On the tour around Naxos we stopped at a ceramics shop. Here's the ceramist demostrating how a little clay bird whistle works. It's fashioned just like clay whistles were made in ancient times for children to play with. There were also some attractive pots and other ceramic objects which were tempting to buy. But how to transport them home?
This was the Kitron distillery. The kitron (citron medica) looks like a big lumpy lemon. It has a thick rind and unlike a lemon, yields little juice. Until the Byzantine era it was the only kind of citrus fruit growing in Greece and it's believe that Alexander the Great sent it home from Persia as the ancient Greeks called it a "Median apple". Citron trees are fussy about where they grow, however they have been thriving on Naxos for centuries. Although the fruit is not very edible, the Naxians preserve the rind in syrup. They also put the aromatic leaves of the tree to good use by distilling it into a drink called kitoraki a kind of raki made from the leaves and grape skins. They also make a liquer called "Kitron" which comes in three colours and potencies: the white is the strongest, the yellow a bit sweeter and the green, which is delicious, has the least alchohol. It goes very well with fish dishes. It's a specialty of Naxos but I found a bottle of it in a wine shop in Athens so I have a bottle here which I bring out on special occasions.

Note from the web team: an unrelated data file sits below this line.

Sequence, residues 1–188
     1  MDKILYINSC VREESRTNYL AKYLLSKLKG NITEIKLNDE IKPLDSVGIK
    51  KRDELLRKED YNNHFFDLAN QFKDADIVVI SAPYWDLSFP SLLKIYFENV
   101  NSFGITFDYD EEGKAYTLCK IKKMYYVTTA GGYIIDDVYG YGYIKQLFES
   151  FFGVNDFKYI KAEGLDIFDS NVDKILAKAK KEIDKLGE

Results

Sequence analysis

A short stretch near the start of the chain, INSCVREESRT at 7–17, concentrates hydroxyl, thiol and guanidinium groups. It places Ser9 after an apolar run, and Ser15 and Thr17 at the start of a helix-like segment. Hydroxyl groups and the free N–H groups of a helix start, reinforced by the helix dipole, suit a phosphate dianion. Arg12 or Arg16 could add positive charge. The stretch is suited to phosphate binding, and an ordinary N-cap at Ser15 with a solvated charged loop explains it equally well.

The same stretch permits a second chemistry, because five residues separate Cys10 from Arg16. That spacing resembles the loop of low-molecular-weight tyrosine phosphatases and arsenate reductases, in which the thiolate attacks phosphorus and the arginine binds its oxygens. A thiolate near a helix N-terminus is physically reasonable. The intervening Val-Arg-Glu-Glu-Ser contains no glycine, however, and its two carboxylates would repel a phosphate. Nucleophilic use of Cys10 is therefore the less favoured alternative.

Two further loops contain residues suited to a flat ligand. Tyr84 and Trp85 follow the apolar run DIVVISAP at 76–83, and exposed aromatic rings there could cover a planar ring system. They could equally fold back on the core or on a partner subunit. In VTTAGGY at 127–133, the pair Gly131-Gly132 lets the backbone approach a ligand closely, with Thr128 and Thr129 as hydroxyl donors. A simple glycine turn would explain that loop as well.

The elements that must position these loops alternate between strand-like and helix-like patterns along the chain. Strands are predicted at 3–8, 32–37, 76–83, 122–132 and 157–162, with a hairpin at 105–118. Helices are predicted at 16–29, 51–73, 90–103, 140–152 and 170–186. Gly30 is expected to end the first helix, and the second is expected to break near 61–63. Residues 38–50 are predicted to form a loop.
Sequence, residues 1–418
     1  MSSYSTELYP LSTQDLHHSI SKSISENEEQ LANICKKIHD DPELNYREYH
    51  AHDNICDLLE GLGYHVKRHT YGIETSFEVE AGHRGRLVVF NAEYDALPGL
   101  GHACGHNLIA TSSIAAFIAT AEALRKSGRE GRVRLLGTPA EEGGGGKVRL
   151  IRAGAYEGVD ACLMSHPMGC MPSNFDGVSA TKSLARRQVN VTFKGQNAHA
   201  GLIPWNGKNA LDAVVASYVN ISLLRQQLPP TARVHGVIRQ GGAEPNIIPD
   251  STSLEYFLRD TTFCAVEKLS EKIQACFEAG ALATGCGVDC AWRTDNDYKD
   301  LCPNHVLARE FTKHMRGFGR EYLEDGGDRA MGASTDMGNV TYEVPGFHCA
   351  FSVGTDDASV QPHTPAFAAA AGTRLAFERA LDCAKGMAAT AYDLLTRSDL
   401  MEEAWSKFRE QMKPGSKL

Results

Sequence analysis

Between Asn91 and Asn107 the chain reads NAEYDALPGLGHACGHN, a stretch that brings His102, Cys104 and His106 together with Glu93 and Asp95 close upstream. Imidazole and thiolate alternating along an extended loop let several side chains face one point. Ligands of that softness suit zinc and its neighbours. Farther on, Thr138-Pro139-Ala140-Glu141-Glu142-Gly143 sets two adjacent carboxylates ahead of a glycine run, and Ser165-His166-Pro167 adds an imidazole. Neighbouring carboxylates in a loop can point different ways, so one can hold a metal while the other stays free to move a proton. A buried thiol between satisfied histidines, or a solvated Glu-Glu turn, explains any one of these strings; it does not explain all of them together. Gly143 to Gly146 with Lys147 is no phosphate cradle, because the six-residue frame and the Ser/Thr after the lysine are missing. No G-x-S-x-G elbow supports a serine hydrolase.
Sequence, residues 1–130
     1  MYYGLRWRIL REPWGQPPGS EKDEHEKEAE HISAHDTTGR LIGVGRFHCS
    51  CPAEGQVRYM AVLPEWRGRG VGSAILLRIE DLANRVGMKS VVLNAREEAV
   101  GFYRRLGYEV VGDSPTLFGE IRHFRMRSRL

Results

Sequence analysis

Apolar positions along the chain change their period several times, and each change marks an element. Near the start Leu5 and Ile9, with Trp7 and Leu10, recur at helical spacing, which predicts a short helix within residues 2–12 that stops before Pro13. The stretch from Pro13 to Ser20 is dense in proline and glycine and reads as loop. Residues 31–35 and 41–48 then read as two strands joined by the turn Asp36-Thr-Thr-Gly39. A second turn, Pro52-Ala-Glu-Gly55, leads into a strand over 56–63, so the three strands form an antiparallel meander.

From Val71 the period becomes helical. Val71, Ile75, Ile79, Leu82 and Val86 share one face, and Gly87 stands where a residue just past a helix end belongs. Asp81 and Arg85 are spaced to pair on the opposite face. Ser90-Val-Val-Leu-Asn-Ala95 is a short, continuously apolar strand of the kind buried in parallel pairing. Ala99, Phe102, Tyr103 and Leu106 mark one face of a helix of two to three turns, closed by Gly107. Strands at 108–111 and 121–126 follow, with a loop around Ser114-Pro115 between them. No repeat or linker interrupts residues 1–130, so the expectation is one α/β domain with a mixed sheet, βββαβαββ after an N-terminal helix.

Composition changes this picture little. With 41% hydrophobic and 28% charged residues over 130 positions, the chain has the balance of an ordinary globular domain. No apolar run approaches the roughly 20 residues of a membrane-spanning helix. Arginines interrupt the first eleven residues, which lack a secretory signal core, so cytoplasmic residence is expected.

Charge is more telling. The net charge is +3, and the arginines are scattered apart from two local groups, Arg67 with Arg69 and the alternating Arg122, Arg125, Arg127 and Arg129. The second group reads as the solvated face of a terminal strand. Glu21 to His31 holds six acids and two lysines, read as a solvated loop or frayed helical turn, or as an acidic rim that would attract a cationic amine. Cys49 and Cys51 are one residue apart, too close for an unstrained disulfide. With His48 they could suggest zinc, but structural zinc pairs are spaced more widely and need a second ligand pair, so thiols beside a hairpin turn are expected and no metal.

A pretty display of kitron bottles, all shapes, sizes and potencies!